Divorce is a difficult and highly emotional period in anyone’s life. The inclusion of children in any divorce often causes the proceedings to become further muddled. Both parents want what is best for their children, but they also want to ensure that they will maintain an ongoing relationship with their children. While one parent will be the primary custodian that the child will permanently live with, there is still an option for joint custody, the details of which are often determined through a parenting agreement. However, unfortunately child custody disputes can become difficult to maintain over time. One parent may be offered a job which is hundreds of miles away from the other parent and may attempt to relocate and move the child far away. If you are facing the potential relocation of your child, it is important that you understand the parenting rights you have.
During child custody arrangements, courts will look at a variety of factors in determining custody arrangements, including:
- Best interests of the child
- Relationship of the parents to each other and to the child
- The distance of each parents’ house to the other
- The child’s wishes
Courts may impose a restriction on the primary custodial parent which prevents the parent from moving outside a specified area. This restriction ensures that both parents maintain easy access to the child. However, the parent with primary custody may sometimes think that they have the right to move the child’s permanent resident. Most child custody agreements will specifically address the possibility of moving with a child, with most moves requiring court intervention or an agreement by both parents. If this move has not been considered by a court or both parents, the parent facilitating a move or relocation may be prevented from taking the child away from the prescribed residence.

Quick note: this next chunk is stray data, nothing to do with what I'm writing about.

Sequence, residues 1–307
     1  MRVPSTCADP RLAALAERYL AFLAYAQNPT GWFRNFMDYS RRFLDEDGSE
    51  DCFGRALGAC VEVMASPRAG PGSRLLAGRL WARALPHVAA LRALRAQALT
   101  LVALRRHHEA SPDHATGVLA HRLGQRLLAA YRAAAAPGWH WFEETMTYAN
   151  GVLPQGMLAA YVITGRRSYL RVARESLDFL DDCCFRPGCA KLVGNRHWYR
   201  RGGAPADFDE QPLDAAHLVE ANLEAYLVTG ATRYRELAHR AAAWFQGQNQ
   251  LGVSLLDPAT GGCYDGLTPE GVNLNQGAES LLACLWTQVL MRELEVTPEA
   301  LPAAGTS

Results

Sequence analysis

During a relocation, a court may determine whether the move is in the best interests of the child. While a court may not prevent a parent from moving from the set area, the court may transfer primary custody from one parent to another to ensure the child stays in the same location. A court will consider many different factors in coming to its decision, including the best interests of the child, the child’s wishes, and the ease with which both parents will be able to visit the child. If both parents lived in the same city immediately following a child custody agreement, a court will often seek to maintain this same close proximity between parents. A move out of state would severely affect the relationship between the child and the non-custodial parent and may delay ongoing visits. If you have questions regarding your right to relocation or your right to prevent your child’s relocation, an experienced family law attorney will be able to assist you in determining the best course of action.
Viles Law Firm | Phoenix, Arizona Divorce Lawyer
If you are involved in a child custody dispute involving relocation, do not hesitate to contact the attorneys of the Viles Law Firm. Our firm has nearly twenty years of experience in assisting our clients with family law issues which occur as the result of divorce or child custody disputes. Our attorneys will fight for your rights to remain near your child. Relocation not only uproots your child from their school, friendships, and established routine, but it could drastically impact your own relationship with your child. Contact our Phoenix, Arizona office today for your initial free consultation.